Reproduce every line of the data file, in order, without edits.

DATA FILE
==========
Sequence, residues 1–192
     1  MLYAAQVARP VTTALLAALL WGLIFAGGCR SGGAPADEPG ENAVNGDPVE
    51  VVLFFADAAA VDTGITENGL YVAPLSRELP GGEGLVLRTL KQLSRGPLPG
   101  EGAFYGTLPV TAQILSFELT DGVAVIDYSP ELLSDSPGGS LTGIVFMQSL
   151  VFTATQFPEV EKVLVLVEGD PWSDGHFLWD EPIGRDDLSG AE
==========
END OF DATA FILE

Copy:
Sequence, residues 1–192
     1  MLYAAQVARP VTTALLAALL WGLIFAGGCR SGGAPADEPG ENAVNGDPVE
    51  VVLFFADAAA VDTGITENGL YVAPLSRELP GGEGLVLRTL KQLSRGPLPG
   101  EGAFYGTLPV TAQILSFELT DGVAVIDYSP ELLSDSPGGS LTGIVFMQSL
   151  VFTATQFPEV EKVLVLVEGD PWSDGHFLWD EPIGRDDLSG AE